You can also provide us with some custom keywords you want to us to monitor.  You can provide up to 4 power words (words you want to be saying) and 4 watch words (words you would prefer not to be using) and we will provide you feedback on these.

You'll have the opportunity to try out PresentR software with this free voice analysis and learn about all the great features the tool can offer.

Please send your recordings to hello@t3interactive.com along with your list of custom keywords and your name and email address and we will provide you with your audio analysis.

We're All in this Together

Many people assume when they see a great presenter that they were born that way. There is an implication that good presentation skills or a comfort in getting up in front of an audience are built into our DNA.  I am living proof that this is not the case. 

For more than a decade, my primary occupation has been as a trainer, facilitator and presenter. I honed my craft over the years and developed a level of competence and confidence that comes from doing it again and again and again.  And, when I am teaching presentations skills to groups or individuals, they often ask if this came naturally to me. I always laugh because I can commiserate with these people. I actually understand their struggles. I was once just like them.

My story is that I have always been fascinated with communication styles and was a frequent observer of others. When I was a young boy, my mother worked in the kitchen in schools and I would often go to visit and observe her in her environment. As I sat in the corner on a milk crate, watching my mother interact with her co-workers or the children she served, I was fascinated by how she changed her style with each one of them, ensuring that she was communicating in an intentional way to illicit specific reactions. I marveled at how naturally her style shifted when she was speaking to the other ladies in the kitchen and then shifted right back when she addressed the children. I understood, even if in a very primitive way, that her behavior was defining the way each person responded to her. And so it began for me. I wanted to gain a deeper understanding of what seemed like a phenomenon back then.  I wanted to learn how to consciously use this dynamic to enable more effective communication.

Despite my innate interest in communication, I have not always been particularly good at it.  In fact, early in my career, I tended to avoid opportunities to speak in public. I would often try to be offsite when I had to present to senior leaders in my group so I would not have to be observed. I knew I was not a good presenter and I didn’t want to be seen as weak. I thought, if I was not physically present, that I could mask many of my challenges but, instead, what I was doing was manifesting a different roadblock for myself. I limited my career mobility because, even though I thought I was shielding my managers from my shortcomings, I was actually showcasing them in a bright spotlight because I was hiding.  I learned quickly that this was not going to serve me well in my career and I had to figure out how to tackle my problems.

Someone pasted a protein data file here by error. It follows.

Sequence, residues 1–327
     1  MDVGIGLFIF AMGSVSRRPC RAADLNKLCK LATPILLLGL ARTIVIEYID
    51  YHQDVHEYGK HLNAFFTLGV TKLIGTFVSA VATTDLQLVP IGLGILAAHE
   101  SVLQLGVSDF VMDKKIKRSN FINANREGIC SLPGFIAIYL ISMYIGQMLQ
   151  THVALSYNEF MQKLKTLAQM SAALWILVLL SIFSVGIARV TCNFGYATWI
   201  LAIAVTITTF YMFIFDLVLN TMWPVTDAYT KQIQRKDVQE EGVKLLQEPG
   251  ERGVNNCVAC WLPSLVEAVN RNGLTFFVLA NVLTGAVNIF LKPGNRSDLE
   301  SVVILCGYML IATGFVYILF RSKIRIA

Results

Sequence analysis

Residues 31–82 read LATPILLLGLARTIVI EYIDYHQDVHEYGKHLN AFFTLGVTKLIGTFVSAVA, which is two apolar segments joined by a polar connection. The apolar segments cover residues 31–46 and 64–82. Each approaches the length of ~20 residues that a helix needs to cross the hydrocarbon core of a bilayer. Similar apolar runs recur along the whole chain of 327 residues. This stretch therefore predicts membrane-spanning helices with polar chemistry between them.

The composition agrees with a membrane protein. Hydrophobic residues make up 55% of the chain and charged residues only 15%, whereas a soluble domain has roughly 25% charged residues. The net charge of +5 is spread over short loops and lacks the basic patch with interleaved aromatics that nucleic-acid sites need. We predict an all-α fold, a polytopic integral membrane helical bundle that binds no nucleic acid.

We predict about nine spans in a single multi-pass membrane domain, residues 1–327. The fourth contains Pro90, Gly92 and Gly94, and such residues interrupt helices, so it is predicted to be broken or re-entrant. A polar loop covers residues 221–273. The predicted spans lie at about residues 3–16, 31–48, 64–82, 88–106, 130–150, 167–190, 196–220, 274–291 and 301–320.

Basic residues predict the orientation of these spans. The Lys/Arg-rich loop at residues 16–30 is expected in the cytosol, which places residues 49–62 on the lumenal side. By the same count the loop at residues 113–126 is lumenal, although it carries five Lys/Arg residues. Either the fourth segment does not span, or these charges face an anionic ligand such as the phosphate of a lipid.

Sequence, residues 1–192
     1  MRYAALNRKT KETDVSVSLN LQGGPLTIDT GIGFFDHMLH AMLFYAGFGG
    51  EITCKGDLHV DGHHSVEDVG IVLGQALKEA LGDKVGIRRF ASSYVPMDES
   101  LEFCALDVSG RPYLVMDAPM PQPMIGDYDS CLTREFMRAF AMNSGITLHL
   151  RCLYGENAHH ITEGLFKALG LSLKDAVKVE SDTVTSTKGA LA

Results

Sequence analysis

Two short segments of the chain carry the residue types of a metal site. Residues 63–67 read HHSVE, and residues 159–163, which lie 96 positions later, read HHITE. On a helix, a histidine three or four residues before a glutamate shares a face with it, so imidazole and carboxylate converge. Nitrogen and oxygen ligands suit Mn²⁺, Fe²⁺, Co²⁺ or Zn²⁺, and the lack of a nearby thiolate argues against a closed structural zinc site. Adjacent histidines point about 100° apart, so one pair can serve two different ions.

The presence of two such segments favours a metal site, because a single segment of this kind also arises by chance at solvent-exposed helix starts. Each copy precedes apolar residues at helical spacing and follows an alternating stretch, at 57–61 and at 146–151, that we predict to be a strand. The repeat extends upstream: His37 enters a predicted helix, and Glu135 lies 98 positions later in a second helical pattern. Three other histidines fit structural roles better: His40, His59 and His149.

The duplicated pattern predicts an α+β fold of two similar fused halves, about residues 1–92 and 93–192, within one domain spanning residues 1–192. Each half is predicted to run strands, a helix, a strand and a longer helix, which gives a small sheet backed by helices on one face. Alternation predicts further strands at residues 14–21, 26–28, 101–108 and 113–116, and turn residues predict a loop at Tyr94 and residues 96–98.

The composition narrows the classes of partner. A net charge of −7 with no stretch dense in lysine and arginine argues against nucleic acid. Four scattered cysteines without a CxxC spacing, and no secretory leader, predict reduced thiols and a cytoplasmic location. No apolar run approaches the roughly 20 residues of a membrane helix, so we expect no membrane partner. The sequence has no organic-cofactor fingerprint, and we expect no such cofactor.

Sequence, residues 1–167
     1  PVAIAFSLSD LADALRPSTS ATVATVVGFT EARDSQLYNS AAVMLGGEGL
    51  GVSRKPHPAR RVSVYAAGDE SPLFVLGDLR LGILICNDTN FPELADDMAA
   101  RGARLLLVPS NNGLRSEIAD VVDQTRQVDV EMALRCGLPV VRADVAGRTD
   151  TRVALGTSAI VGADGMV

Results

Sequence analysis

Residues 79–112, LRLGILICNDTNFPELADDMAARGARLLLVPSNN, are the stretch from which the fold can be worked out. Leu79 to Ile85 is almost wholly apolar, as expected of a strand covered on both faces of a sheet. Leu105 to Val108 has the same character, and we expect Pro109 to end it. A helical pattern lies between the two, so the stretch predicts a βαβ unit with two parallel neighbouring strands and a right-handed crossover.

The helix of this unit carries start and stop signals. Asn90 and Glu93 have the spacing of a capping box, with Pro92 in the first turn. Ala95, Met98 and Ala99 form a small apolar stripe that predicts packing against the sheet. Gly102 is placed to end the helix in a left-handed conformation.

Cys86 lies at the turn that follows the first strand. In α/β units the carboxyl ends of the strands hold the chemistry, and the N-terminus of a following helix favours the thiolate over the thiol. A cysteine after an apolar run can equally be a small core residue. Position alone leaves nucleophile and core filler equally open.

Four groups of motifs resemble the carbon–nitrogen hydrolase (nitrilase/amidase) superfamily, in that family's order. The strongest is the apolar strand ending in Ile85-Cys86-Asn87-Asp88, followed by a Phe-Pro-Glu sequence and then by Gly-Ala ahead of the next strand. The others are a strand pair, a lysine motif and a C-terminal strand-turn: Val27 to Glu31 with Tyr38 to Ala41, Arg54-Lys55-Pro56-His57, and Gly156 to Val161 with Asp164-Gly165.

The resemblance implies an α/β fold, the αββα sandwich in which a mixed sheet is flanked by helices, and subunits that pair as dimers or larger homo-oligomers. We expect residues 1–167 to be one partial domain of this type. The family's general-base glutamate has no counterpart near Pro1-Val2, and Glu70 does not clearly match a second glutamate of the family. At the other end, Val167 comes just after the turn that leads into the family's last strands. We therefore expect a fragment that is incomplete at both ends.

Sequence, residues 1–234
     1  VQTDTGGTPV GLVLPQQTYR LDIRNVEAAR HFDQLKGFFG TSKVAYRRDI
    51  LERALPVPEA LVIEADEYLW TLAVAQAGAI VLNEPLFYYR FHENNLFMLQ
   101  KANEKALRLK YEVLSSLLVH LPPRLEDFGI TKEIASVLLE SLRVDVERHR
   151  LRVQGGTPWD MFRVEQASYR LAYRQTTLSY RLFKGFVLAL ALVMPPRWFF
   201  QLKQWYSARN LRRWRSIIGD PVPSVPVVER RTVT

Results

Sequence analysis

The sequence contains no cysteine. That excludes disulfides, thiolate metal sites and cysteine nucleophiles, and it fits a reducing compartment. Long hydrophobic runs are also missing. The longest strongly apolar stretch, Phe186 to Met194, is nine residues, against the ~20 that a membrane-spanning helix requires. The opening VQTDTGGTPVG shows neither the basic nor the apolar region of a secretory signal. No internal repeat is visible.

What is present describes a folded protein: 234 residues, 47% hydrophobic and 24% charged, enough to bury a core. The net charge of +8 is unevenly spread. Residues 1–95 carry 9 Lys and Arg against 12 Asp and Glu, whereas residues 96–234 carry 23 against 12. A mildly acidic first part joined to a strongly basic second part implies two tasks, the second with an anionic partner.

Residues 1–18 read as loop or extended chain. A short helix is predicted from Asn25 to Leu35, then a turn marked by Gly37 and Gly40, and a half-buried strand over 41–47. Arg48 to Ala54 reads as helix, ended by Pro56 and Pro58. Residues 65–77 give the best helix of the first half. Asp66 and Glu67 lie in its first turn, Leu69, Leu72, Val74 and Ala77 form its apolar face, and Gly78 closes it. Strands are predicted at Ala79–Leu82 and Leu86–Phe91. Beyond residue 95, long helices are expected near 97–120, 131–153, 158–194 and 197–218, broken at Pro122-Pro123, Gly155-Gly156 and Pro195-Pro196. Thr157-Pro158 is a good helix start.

I took the problem head on and put myself in the most vulnerable spot I could by becoming a trainer.  I knew I had to develop my skills and I also knew that by becoming a trainer, I would be forced to demonstrate these skills at all time.  And, I realized that, deep down, that this was what I was meant to do.  My fascination as a child ran deep in my veins and I recognized that I could not avoid diving into this pool.  It was only a matter of time.

I understand the challenges and fears of every single person I train. I have walked in their shoes. I have had the same thoughts, insecurities and anxieties that have coursed through their bodies and minds. Sometimes, I still do. Even with all my experience, I get nervous or insecure about different presentations.  But, for me, I know that I have my skills that I have practiced over and over, year after year, to rely upon to help get me past the difficulties.

When I founded t3, I had one goal in mind.  I wanted to create an opportunity for people to feel good about themselves, develop confidence and see how capable they actually are. I wanted to take my experience of working with thousands of people – 10 or 20 at a time – and bring it to the masses. I want to change the way people learn, communicate and feel about themselves. As a trainer, there is no greater experience than seeing people have breakthroughs - the "a-ha" moment when the lightbulb goes off. When someone walks away from one of my training sessions with just one thing that makes them feel better, they will improve. And, I would like to see that happen for everyone - not just the people who get the benefit of going through training. Everyone deserves to the opportunity to transform themselves and that's what we are trying to facilitate.

That’s just a little piece of my story that I share to let you know that we all struggle and we can all overcome.  Please share your story with us.  We want to hear all about it!  Tell us what you have struggled with.  Post a message on our Facebook page.  Please join our community of storytellers!

My Albert Brooks Moment

Here's my story.

I remember watching Broadcast News when I was in college back in 1987.  I wanted to be Holly Hunter's character, Jane Craig - the fearless, confident yet vulnerable, one-step-ahead-of-everyone-else news producer.  I was a journalism major who had dreams of being behind the scenes at a big network news show.  I dreamt about being Jane yet I related so much more to Albert Brooks' Aaron Altman.  He was second fiddle to cool, calm and suave Tom Grunick, the handsome idiot newscaster played by William Hurt.  Aaron was smarter and more accomplished but when he got his big break and got called up by the network to fill in on a Sunday night news broadcast, his classic meltdown inducing the worst case of flop sweat in history, hilariously showcased his severe lack of presence.  Those of us who ever suffered stage fright or got nauseous at the thought of having to speak in front of others (pretty much the entire viewing audience) collectively groaned.